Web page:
Despite Canadian Prime Minister Justin Trudeau overcoming corruption allegations and winning re-election last month, he is set to govern with a minority government that will likely include support from parties to the left of his Liberal Party, such as the New Democratic Party (NDP) and the Green Party.
Whether this possible scenario could change the Canada-Israel relationship remains to be seen.
“Most of the issues that will appear on the parliamentary docket are domestic in nature, and a more progressive orientation in terms of social policy will align closely with the community’s own agenda,” Shimon Koffler Fogel, CEO of the Centre for Israel and Jewish Affairs, told JNS. “It is not likely that Middle East issues in general will feature on the agenda, and notwithstanding some misperceptions about the NDP, there is a consensus amongst the federal parties on the core issues related to Israel. So BDS, for example, is rejected by all parties; the IHRA definition of anti-Semitism is supported by all parties; etc.”
During his first term, Trudeau—whose party won 157 seats, a decrease of 20, in the recent election—spoke out against BDS.
“It’s not right to discriminate or to make someone feel unsafe on campus because of their religion, and unfortunately, the BDS movement is often linked to those kinds of frames,” he said earlier this year.
Also during Trudeau’s tenure, Canada’s parliament froze relations with Iran and designated its Islamic Revolutionary Guard Corps’ Quds Force as a terrorist organization.
Canada is home to approximately 392,000 Jews, comprising 1 percent of its population. The community is highly urbanized, with 87 percent living in just six metropolitan areas: Toronto, Montreal, Vancouver, Winnipeg, Ottawa and Calgary. Like their American Jewish brethren, Canadian Jews are supportive of Israel, though opinions are divided on the level of support for Canada’s relations with Israel.
Some 59 percent of Canadian Jews who support the Liberals think Canada is “about right” in its level of support for Israel. In contrast, 60 percent of Canadian Jews who identify with the Conservatives believe Canada is insufficiently supportive of Israel, according to a study by the Environics Institute.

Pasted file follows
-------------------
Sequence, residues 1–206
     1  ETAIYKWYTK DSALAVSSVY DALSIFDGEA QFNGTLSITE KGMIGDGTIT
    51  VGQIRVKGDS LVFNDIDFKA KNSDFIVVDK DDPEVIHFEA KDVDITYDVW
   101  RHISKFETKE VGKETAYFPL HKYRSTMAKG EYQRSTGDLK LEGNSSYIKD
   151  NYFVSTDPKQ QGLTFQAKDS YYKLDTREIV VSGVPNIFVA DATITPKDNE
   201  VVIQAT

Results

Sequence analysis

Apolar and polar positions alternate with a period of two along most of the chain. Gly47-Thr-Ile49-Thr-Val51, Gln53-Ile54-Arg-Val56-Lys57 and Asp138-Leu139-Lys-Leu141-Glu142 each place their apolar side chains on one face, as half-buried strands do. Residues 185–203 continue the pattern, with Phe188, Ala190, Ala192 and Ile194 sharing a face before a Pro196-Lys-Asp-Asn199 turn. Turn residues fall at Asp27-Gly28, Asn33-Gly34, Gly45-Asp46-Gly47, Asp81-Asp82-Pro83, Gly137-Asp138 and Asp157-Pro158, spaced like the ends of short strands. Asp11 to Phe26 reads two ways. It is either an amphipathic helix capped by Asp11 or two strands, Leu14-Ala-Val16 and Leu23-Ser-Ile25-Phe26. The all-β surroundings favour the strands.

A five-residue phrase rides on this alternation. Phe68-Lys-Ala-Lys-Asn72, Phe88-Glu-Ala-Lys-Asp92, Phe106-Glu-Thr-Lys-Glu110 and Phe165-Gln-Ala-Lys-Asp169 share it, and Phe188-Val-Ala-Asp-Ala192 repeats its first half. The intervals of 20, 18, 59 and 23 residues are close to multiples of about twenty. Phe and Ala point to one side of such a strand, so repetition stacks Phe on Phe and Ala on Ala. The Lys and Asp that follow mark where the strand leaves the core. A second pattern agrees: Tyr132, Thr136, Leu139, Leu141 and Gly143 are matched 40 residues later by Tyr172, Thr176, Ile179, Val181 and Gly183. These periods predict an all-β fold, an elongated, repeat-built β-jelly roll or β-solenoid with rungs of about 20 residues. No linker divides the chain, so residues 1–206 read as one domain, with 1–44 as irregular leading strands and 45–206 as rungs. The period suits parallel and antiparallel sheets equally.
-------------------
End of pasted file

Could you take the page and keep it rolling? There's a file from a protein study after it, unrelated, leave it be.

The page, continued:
Even if the topic of Israel comes up in the next government, said Fogel, “we do not anticipate any shift in formal government policy or the positions that have been staked out by the Liberal government over the last four years. We expect the same voting pattern at the [United Nations] and its agencies, a careful review of commitments to UNRWA (given the recent scandals and formal investigations of the agency) and an expansion of the bilateral relationship on many fronts, including trade, innovation, cyber security and intelligence.”
Former Canadian Prime Minister Stephen Harper eliminated aid to UNRWA in 2010, though Trudeau restored it in 2016.
‘We are not a party that condones BDS’
CBC columnist Neil Macdonald told JNS that the issue of Israel was not discussed much during the recent campaign.
“Israel was entirely absent as an issue in the recent election campaign, ignored by all parties, with the possible exception of Andrew Scheer’s promise to follow [U.S. President Donald] Trump’s initiative and move the Canadian embassy from [Tel Aviv] to Jerusalem,” said Macdonald, adding, “Trudeau has no such plan, and never has.”
Trump relocated the U.S. embassy from Tel Aviv to Jerusalem in May 2018.
Scheer’s Conservative Party, which won 121 seats, an increase of 26, in last month’s election, overwhelmingly approved a resolution at its policy convention in Halifax in August 2018. It stated that were the party to win the next majority government, it would recognize Jerusalem as Israel’s capital and move the country’s embassy there.
Scheer indicated his enthusiasm to recognize Jerusalem as Israel’s capital shortly after he was elected party leader in May 2017.
Macdonald added, “The NDP has not only avoided the topic, it actually dismissed a candidate in the Maritimes who was critical of Israel,” referring to Rana Zaman, a social activist and Muslim who won in May the NDP nomination in Dartmouth-Cole Harbour, Nova Scotia, and was ousted earlier this year after several Twitter posts from last year denouncing Israel’s response to violent protests along its border with Hamas-controlled Gaza came to light.
However, NDP refused to drop Miranda Gallo from the race in the Montreal borough of Saint-Laurent, despite her support for BDS. Gallo came in third in the election, which was won by incumbent Liberal MP Emmanuella Lambropoulos.